The Panel first considered whether the word “extra” gave undue emphasis to the higher alcoholic strength of the product. The Panel noted the phrase was in black text on a can that was predominantly black and considered that the phrase was unobtrusive within the overall design. They also noted that the Oranjeboom range included lagers of different strengths, including a lower strength product. The Panel considered that “extra strong” was an acceptable name to differentiate the product variant from others in the range and considered that, within the overall design, the phrase was not given undue emphasis.
The Panel confirmed that it was not bound to restrict its consideration to the narrow terms of complaint but might consider the packaging under any section of the Code that it considered relevant, as set out in paragraph 5.20 of the Code. The Panel also noted that it could consider the Code rule cited by the complainant more broadly and was not restricted to making a decision on the grounds given by the complainant.
The Panel therefore considered the figure “8.5”. They noted it was printed in large, white numbers and considered that this was a prominent feature of the design. They noted the packaging did not include information about the alcohol unit content or a message indicating that the can was intended for sharing. The Panel considered that the overriding impression was that the product was “strong stuff”, although they acknowledged that this effect might have been inadvertent. The Panel was concerned that the presentation of “8.5” emphasised the higher strength of the product, relative to other products in the lager category, and was further concerned that this might appeal particularly to those who were vulnerable, in this case because of their drinking. The Panel noted that for the first time, the introduction to the new Code referred to consumers who may be vulnerable. They concluded that the “8.5” element of the design went beyond giving factual information and gave the higher alcoholic strength undue emphasis. The Panel therefore upheld the complaint under rule 3.2(a).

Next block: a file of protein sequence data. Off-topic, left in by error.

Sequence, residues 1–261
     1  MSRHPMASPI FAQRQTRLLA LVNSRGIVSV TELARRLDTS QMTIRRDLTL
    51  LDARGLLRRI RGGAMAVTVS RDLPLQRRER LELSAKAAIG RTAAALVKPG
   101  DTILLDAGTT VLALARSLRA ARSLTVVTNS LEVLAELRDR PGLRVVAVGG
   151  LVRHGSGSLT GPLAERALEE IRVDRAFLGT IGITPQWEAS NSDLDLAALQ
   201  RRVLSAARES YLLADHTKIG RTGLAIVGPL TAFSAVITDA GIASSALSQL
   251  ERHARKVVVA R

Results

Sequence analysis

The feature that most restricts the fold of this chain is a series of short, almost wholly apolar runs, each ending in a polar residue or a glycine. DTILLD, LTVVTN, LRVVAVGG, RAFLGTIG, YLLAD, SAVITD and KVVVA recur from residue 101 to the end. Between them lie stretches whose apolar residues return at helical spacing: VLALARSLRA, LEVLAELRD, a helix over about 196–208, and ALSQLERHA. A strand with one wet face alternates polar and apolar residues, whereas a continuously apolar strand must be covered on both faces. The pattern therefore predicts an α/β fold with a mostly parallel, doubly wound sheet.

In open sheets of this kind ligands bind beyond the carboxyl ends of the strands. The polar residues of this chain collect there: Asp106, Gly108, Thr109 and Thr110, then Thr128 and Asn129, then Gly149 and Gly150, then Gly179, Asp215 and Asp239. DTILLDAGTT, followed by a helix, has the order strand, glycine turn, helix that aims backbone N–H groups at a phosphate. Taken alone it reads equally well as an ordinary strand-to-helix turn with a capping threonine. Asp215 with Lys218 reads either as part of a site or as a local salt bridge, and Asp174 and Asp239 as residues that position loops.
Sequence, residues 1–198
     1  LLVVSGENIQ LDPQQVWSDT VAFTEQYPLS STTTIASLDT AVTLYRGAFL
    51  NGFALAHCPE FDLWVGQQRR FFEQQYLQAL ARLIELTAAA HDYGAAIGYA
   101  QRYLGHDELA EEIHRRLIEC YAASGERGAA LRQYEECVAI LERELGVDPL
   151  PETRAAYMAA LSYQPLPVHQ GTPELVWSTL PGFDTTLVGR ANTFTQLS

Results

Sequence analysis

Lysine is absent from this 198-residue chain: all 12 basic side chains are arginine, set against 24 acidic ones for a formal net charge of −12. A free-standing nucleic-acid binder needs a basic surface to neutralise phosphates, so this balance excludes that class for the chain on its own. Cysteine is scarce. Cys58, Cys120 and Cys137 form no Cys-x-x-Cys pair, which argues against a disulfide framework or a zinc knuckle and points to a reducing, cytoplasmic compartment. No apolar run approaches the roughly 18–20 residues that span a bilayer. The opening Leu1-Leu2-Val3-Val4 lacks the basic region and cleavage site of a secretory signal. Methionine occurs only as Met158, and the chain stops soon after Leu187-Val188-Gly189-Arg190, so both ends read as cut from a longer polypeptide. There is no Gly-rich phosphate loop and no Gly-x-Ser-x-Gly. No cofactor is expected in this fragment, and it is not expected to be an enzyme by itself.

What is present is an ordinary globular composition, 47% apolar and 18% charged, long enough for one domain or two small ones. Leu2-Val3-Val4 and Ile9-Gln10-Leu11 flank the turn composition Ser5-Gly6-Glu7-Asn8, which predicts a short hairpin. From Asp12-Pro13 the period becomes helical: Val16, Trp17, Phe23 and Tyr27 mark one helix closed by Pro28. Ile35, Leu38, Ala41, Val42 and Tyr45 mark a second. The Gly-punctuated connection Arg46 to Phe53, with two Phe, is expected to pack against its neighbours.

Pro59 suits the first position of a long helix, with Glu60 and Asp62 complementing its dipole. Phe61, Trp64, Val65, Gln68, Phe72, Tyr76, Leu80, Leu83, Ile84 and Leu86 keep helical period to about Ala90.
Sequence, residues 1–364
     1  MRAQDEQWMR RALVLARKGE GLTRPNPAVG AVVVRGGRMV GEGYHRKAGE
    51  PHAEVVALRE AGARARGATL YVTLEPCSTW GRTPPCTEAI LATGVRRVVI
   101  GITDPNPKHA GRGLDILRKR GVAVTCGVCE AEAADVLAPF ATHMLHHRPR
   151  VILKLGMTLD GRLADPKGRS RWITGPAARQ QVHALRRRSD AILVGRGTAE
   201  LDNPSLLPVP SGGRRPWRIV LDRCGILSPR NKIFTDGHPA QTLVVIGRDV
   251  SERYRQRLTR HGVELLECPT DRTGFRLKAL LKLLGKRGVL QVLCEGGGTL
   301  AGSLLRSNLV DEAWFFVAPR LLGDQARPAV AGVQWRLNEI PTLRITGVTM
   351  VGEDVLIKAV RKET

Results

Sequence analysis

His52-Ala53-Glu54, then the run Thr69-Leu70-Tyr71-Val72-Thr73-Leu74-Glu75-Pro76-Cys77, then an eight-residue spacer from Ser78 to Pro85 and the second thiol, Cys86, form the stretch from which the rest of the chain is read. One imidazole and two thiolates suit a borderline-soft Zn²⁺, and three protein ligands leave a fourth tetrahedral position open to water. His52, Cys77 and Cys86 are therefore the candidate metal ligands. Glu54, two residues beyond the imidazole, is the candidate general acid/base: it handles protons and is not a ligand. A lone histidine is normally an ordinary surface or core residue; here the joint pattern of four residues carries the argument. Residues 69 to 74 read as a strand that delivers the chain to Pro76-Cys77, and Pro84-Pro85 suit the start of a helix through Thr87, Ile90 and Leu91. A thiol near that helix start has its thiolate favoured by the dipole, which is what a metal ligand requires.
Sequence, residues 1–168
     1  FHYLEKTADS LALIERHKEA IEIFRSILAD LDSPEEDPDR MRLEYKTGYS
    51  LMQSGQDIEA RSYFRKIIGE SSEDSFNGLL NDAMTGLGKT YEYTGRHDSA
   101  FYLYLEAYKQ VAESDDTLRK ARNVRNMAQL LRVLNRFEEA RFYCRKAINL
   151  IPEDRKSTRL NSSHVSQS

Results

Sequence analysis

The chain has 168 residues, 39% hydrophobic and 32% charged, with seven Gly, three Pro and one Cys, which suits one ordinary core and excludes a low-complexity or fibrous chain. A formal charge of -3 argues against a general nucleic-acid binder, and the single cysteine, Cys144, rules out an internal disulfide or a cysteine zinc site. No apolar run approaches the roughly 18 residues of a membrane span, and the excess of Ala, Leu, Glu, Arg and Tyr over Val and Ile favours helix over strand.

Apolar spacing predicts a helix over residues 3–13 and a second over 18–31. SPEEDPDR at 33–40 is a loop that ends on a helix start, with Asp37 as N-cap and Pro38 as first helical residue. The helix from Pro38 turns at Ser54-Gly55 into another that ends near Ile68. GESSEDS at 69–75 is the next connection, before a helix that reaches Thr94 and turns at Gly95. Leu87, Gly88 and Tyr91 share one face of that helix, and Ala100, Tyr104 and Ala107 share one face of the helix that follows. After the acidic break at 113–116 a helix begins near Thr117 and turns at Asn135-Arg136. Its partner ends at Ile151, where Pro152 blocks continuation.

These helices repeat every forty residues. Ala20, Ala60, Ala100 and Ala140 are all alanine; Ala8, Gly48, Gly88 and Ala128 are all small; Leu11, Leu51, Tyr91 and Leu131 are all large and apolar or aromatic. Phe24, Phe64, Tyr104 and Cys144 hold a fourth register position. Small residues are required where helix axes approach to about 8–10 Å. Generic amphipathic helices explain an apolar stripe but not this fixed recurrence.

The Panel also considered whether the product encouraged irresponsible or immoderate consumption. The Panel noted the Advisory Service’s guidance for the new Code, which they had seen and discussed at a previous meeting, and in particular the guidance that:
containers which are typically single-serve, and whose contents are typically consumed by one person in one sitting, should not contain more than four units. This position has received support from the CMO’s and the Department of Health and Social Care (DHSC) as an appropriate threshold to help reduce alcohol-related harms.
The Panel calculated that the product contained 4.25 units of alcohol. They noted that the can was not resealable and that it did not prompt consumers to share the contents, and considered that the contents would be typically consumed by one person in one sitting, as had been confirmed by recent research showing that consumers regarded this type of container as a single-serve product.. The Panel considered that single-serve containers containing more than four units of alcohol were at risk of encouraging immoderate consumption but that, when the unit content was close to four units, they should consider the packaging carefully before reaching a decision. They considered factors that would reduce the risk of encouraging immoderate consumption, such as a recommendation to share the contents, per-serve messaging or information about responsible drinking, but found that the packaging did not include these messages. After considering all the features of this packaging, the Panel concluded that it encouraged immoderate consumption. The complaint was upheld under rule 3.2(f).
Action by Company
The company agreed to remove the product from the market.
To find out more, read the press release here.